Navigating the Twitter landscape can be a difficult task. It's become a veritable treasure trove of information with loads of potential for both sharing and finding content. But, are you doing it right? For IT professionals, making the most out of Twitter is different than for pros in other spaces. It can be a helpful resource, but also a career-building tool. Check out the best ways IT professionals can get the most out of Twitter.
There's no shortage of Twitter clients for Android and iOS. Some top contenders to check out include Hootsuite, Tweetbot, Buffer, Fenix, Plume, as well as the native Twitter client.
While many third-party options have paid tiers, tools like Buffer and Hootsuite operate on the freemium model. Buffer has a better UI whereas Hootsuite boasts beefier analytics. You can, and should, check out your Twitter analytics at analytics.twitter.com. This allows you to identify what type of engagement you're getting (retweets or likes), who your followers also follow, where your followers are mostly located, and what they are most interested in, among other things. You'll gain valuable insights into your Twitter content and audience.
After you pick an app, you'll want to enable two-factor authentication. Keep the native Twitter app even if you're using a third-party app for management as it makes two-step authentication simple. Yet two-factor auth isn't always convenient. Dodds recalls trying to send an email, but he couldn't log into his email because he didn't have a phone. Still, many services require two-factor authentication including some GitHub organizations. Thus, it's recommended as the industry standard for IT professionals.
You have a few options when someone interacts with you on Twitter:
- Do nothing
You do not have to respond every time. After all, sometimes it will be a bot looking to engage unsuspecting souls. And sometimes a lack of reply is the best option.
When you're just getting started, it's important to grow a following by interacting with experts. As your social media presence blossoms, management is essential. You need not follow everyone who follows you for similar reasons.
Browsing the Twitter feed of experts you know and follow is a great way of discovering new experts and news sources. See who they are regularly engaging with. You can use lists for organization either within the native Twitter clients or using third-party apps. Diversify while sticking to your space. Follow topically relevant accounts, but actively seek out sources of differing opinion. "The bubble I'm worried about being trapped in is the way I think about programming," Dodds explained. "I don't want to be trapped in a situation where I think that React is the greatest thing in the world for years after Angular 3 becomes the biggest thing ever."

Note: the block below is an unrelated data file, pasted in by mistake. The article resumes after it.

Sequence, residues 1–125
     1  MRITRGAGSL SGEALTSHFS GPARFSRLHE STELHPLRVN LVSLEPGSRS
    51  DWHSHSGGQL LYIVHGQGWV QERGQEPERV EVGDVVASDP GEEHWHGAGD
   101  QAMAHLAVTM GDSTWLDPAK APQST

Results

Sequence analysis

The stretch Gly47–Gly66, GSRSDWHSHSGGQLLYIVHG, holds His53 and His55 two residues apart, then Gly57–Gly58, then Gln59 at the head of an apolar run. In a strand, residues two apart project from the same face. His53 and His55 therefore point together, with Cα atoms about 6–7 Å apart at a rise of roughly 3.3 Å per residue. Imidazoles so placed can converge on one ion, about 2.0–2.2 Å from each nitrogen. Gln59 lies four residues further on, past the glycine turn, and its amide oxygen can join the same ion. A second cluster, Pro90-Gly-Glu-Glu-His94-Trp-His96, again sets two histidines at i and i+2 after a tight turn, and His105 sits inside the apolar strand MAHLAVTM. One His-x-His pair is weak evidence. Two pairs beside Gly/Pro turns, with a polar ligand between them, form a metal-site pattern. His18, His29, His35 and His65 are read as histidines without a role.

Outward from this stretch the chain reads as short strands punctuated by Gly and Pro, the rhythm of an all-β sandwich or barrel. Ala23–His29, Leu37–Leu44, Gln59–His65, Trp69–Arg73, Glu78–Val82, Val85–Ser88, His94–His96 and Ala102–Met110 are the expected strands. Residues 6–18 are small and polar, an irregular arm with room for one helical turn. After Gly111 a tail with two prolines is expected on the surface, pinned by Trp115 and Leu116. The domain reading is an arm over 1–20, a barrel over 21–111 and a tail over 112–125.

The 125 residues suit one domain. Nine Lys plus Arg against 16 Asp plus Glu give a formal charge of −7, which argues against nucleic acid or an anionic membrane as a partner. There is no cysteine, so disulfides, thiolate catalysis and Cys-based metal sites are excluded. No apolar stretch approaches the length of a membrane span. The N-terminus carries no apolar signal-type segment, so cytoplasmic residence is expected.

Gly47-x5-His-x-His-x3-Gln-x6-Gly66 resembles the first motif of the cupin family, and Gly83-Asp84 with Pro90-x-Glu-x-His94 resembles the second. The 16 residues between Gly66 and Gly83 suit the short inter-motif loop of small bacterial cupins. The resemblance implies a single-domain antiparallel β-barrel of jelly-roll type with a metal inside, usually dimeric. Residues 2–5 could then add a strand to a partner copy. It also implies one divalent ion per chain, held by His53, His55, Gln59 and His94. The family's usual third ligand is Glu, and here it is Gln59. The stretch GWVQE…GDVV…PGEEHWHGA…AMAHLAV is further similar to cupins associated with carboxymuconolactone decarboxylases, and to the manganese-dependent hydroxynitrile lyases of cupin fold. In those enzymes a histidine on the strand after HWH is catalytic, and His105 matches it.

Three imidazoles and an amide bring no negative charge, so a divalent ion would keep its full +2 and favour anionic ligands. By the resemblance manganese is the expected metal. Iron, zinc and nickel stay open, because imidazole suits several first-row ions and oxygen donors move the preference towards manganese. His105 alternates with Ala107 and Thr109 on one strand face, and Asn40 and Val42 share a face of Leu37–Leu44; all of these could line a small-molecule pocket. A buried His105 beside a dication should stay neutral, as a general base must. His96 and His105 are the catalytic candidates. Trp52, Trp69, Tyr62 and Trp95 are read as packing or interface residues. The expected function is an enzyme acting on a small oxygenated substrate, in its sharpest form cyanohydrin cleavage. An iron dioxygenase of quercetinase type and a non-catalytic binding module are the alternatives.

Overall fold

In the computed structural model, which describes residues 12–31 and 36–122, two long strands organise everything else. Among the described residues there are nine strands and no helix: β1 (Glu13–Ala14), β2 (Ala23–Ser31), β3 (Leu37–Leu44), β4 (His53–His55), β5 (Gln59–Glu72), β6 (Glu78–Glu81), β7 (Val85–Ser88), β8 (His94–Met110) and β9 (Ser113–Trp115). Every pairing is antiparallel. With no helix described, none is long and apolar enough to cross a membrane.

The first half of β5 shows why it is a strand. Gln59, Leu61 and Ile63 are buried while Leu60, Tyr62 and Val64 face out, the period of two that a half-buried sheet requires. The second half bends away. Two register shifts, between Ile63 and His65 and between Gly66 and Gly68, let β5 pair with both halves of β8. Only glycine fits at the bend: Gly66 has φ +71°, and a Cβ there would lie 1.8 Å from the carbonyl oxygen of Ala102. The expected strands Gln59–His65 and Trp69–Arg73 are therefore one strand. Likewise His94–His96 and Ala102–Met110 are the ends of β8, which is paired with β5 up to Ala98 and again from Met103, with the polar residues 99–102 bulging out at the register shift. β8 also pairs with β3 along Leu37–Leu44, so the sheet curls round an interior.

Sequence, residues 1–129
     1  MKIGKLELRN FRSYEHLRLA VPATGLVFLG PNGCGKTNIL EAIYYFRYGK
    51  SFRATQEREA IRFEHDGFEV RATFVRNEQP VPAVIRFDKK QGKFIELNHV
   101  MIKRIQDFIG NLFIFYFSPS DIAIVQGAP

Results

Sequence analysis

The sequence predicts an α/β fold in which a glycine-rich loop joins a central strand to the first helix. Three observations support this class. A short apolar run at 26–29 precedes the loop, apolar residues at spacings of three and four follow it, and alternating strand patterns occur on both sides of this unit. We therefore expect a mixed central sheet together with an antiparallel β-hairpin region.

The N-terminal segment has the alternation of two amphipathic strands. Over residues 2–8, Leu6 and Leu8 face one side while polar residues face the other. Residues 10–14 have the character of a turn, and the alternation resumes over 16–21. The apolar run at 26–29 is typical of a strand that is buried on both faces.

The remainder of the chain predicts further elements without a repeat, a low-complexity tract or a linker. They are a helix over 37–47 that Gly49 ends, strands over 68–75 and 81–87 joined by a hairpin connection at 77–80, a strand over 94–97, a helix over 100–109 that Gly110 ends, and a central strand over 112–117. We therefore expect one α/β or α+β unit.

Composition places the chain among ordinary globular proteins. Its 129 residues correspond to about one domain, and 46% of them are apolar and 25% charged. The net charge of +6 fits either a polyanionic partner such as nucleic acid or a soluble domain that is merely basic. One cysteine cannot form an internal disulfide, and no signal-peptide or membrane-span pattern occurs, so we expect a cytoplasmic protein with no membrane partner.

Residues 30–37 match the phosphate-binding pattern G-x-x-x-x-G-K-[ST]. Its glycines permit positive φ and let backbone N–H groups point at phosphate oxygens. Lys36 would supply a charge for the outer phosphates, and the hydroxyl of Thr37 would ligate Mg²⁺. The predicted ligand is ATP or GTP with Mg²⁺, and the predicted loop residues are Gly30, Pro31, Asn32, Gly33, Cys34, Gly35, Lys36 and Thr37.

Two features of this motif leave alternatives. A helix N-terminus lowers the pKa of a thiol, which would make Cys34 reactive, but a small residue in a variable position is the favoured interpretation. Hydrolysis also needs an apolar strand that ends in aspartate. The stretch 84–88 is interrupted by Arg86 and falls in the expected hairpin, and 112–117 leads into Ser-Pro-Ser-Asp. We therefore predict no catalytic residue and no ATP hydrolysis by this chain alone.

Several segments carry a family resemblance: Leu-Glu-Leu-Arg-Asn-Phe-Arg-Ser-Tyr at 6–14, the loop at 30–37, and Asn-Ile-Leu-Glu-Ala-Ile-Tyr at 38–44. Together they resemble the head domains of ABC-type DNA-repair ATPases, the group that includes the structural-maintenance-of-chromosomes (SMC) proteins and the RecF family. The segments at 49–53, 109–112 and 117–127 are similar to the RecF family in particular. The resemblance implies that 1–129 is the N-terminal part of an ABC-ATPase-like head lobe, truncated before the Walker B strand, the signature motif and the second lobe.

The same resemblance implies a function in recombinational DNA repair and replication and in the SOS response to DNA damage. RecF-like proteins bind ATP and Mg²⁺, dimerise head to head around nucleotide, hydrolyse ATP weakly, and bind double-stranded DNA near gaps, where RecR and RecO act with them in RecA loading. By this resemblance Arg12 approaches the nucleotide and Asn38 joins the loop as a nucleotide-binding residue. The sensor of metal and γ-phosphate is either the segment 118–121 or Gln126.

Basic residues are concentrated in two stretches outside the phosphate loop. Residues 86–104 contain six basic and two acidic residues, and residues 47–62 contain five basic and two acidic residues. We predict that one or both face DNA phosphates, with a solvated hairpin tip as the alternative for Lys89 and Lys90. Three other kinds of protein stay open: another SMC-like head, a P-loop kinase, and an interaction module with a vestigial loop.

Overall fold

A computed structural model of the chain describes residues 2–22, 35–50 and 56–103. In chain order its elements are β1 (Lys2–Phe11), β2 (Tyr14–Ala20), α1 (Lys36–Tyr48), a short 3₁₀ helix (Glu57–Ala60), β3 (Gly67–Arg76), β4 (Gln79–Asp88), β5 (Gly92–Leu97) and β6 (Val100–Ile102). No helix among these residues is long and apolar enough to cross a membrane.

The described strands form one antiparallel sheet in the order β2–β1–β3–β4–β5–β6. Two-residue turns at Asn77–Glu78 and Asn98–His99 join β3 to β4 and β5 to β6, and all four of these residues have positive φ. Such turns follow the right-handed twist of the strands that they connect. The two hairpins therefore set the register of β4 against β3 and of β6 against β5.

Twitter recently made it even easier to offer technical support to businesses. You can now request and share locations with people via DM. You can also set pre-written welcome messages for new followers of a business. Or can set up a handful of pre-written quick replies to inquiries. This could even be set to automatically say "Have you turned it off and turned it back on again?"
In a way, Twitter may be considered a virtual water cooler. Many developers, programmers, and tech professionals, myself included, work remotely. This distributed team set up is convenient in that it cuts out a commute and lets you work sans pants. But it also means you'll need to seek out community, whether that's staying in touch with co-workers via apps such as Slack, joining a co-working space, or hopping on Twitter.
Because of Twitter enables microblogging, encourages conversation, and simplifies the task of finding likeminded inviduals, it's akin to a digital break room. Hop on and chat about both work and non-professional topics as well.
And a strong brand can do wonders for your career. To start out strong, try opting for your name or something like it as a handle. If possible, use that across all or most of your accounts: Twitter, GitHub, LinkedIn, etc. It's much easier for people to find you.
On a related note, have an avatar that's a clear picture of you. Being recognizable and memorable contributes to a personal brand, and thus makes it easier to network and find employment. Similarly, don't be afraid of a little self-promotion. As long as you are bringing quality content to your audience, it's a great way to contribute to your personal brand.
- Tweets with images get 150 percent more retweets, 89 percent more favorites, 18 percent more clicks.
- Tweets with videos get 28 percent more retweets
- Adding a hashtag makes your tweet 55 percent more likely to be retweeted
- Limiting a tweet to 71 to 100 characters gets more retweets.
- Posting between 1 p.m. and 3 p.m. on Monday through Thursday will get you the most exposure
Slogging through the Twittersphere can be intimidating. The most important factor is that you're sharing quality content that brings value to your followers. There are loads of add-ons: from third-party apps to two-factor authentication and analytics, but the core still revolves around what you share and how you approach Twitter. Once you restructure your worldview to see Twitter as a micro-blogging platform, the rest will come easy.
What strategies and best practices are you using to make the most out of Twitter?